Kubota is a 193-year-old sake company located in one of Japan's most notable cities for growing high-quality rice, Niigata. The Kubota philosophy of sake production is intrinsically tied to the seasonality of the surrounding natural landscape and its vital resources. The company also cites its people involved in the sake production pipeline play a huge role in the quality of the brand's beverages. Notably, Kubota takes pride in its products pairing perfectly with a wide range of plates, even including chocolate desserts, which is quite unique for pairing suggestions between food and sake.
Kubota offers over 10 types of regular sake as well as a rotation of seasonal bottles. The least expensive of these can cost just under $30, while the higher end ranges between $40 and $70. Kubota's most expensive sakes tend to come from the limited stock of seasonal sakes, which can easily sell for over $160.
Hakutsuru Sake Brewery, based in Nada, Japan, is a historic company with about 280 years of sake-making experience to its brand name. Since the year 1743, people have enjoyed sipping on Hakutsuru's delicious sakes. The inspiration for the name Hakutsuru came from the elegance of the white crane, a symbolic animal that carries an auspicious cultural significance in Japan.
Hakutsuru prides itself in historically significant moments such as its first glass bottle sale, which took place in 1878, according to the Hakutsuru timeline, and the subsequent exhibition of said bottled sake at the World's Fair in Paris in 1900. Having survived the historical implications of both world wars, as well as earthquakes and other obstacles, Hakutsuru hit the U.S. market in 2005 and now sells its sake to 55 regions and countries across the globe. Hakutsuru sake is made using locally sourced rice and fresh spring water from the Rokkō Mountains, which the company cites as responsible for the flavorful mineral qualities of Hakutsuru sake.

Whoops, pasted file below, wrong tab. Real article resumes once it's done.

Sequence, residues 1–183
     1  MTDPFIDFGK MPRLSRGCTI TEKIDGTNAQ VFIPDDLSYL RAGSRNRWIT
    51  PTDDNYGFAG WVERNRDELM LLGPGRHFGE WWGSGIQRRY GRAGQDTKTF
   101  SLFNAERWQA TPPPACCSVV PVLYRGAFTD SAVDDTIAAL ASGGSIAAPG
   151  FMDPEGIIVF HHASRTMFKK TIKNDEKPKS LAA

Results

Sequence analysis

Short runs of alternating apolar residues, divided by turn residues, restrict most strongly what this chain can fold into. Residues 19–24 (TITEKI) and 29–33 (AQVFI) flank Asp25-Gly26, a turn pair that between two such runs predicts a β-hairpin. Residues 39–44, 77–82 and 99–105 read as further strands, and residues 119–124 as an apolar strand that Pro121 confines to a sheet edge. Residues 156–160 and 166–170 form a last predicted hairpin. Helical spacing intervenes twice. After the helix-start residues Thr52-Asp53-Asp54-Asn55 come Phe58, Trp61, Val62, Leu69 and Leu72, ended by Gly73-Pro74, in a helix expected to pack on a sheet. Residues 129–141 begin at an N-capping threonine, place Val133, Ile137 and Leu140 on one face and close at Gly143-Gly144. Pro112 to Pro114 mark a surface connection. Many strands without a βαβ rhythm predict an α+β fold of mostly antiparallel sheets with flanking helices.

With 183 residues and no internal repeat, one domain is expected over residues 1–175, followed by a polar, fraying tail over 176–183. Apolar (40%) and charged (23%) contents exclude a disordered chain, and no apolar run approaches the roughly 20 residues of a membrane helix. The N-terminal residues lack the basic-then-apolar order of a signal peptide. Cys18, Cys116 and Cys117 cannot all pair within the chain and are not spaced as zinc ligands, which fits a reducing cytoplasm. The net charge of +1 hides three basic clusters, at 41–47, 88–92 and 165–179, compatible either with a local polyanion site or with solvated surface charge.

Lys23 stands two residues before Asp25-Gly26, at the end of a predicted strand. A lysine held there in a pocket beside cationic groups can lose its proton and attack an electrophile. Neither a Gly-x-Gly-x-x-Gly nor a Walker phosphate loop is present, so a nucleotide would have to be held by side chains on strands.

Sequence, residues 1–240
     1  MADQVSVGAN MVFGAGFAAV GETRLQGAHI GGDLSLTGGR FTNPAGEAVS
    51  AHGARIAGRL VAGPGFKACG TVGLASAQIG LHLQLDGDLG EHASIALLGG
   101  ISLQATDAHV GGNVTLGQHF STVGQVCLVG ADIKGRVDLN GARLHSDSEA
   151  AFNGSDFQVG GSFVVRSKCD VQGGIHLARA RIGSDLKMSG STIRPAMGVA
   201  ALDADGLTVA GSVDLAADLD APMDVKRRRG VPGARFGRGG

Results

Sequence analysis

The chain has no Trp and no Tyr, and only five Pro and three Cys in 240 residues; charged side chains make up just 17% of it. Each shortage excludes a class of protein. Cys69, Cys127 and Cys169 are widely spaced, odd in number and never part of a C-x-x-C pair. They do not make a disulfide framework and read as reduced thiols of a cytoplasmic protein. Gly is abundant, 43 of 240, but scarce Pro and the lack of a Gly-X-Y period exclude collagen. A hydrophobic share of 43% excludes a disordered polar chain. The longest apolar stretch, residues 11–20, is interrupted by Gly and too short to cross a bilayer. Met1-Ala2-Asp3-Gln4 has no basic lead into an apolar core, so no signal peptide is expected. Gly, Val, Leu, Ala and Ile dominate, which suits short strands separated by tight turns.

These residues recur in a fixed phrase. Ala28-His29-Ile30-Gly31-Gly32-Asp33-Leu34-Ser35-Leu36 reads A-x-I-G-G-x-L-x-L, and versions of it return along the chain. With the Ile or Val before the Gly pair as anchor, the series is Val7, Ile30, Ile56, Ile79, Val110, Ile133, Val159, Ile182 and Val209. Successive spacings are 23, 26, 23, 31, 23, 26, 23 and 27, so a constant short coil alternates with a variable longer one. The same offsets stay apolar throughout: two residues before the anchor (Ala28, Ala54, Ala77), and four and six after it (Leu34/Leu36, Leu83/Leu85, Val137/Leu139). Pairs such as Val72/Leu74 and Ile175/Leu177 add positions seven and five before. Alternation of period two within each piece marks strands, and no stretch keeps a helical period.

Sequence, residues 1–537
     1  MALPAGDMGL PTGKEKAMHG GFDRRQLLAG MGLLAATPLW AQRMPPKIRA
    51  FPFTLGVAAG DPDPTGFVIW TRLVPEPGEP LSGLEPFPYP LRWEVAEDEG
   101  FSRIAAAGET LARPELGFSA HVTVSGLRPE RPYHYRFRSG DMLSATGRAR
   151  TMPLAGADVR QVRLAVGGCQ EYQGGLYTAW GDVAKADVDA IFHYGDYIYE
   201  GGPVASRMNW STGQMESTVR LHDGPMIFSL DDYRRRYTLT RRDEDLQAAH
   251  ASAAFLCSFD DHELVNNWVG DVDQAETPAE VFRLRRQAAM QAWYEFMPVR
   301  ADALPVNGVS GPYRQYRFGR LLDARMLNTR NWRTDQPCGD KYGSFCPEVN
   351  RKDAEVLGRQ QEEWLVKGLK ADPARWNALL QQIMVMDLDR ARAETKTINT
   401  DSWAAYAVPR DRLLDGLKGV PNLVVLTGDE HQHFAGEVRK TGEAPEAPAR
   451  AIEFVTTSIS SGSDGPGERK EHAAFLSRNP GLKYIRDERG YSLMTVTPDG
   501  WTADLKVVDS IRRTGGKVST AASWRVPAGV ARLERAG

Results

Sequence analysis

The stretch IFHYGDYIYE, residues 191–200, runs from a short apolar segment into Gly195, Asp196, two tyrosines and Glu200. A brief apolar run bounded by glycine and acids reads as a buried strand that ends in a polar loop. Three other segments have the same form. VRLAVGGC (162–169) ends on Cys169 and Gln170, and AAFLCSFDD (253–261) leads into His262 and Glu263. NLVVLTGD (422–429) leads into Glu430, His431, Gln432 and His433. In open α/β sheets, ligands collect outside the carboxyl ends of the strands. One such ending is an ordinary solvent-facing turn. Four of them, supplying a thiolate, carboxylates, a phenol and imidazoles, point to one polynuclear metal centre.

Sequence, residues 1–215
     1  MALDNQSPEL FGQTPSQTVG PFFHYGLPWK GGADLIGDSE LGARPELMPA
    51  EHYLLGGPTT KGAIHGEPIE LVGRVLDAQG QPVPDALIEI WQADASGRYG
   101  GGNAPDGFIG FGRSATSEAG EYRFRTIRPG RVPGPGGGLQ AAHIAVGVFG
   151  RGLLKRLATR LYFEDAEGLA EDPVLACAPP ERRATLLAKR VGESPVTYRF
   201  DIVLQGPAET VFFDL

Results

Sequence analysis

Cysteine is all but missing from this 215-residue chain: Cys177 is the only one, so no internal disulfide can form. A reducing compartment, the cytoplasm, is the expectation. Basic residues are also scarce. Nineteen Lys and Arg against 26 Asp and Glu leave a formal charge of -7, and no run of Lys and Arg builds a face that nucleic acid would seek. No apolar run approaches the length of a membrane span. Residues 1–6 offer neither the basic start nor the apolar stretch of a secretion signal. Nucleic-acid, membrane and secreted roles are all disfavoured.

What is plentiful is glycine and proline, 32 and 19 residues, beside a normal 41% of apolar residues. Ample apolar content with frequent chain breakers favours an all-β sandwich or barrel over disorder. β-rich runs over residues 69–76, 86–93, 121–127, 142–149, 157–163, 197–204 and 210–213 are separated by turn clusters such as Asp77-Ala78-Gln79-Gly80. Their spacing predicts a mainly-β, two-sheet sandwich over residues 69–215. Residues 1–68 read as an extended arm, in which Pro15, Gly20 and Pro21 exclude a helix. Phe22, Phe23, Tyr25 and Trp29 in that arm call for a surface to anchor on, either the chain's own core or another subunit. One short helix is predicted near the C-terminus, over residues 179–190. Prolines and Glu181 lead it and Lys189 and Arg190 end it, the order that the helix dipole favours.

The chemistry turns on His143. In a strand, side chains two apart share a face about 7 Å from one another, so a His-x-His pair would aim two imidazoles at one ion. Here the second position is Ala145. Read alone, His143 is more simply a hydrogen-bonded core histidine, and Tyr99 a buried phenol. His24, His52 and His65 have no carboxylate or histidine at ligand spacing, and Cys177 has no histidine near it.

Dassai is a famous brand of sake made by Asahi Shuzo based in Japan's Yamaguchi Prefecture. In English, Dassai translates to "otter festival," a nod to the regional river otters that once populated the surrounding landscape. Dassai brand sake is intended to toe the line between small-batch quality and wide-reach accessibility, and, though not meant for mass consumption, Asahi Shuzo continues to find creative ways to keep Dassai on the market with startling reliability.
Though the roots of Dassai and Asahi Shuzo are as traditional as can be, the company values keeping up with contemporary practices and advancements more than staying true to the constraints of traditional sake-making. As a result, Dassai is confident it will continue to pave the way in revolutionizing the authentic taste of sake. Alongside the usual sakes you expect from a sake brewery, Dassai also sells seasonal sakes, sparkling sakes, and what the website describes as avant-garde sakes.
This brand of sake sells on the less expensive end of the spectrum for as low as $20 per bottle, with many more of its beverages hovering between $40 to $80. Bottles of the most expensive Dassai sakes, however, can cost up to and over $500 each.
The methodology behind ranking these sakes was developed by factoring in research, demand, personal preference, and an objective cost-to-quality ratio comparison. We assessed the sake brands most often available on marketplace shelves and compared them with at-home research across brand websites and consumer reviews. We also crowdsourced favorites from sake-loving friends, family, and the author's own sake-drinking experience. These findings were then cross-examined and checked against the menus of some phenomenal Japanese restaurants with extensive sake menus to ensure the top 12 ranking was fair and comprehensive.
Read the original article on Tasting Table.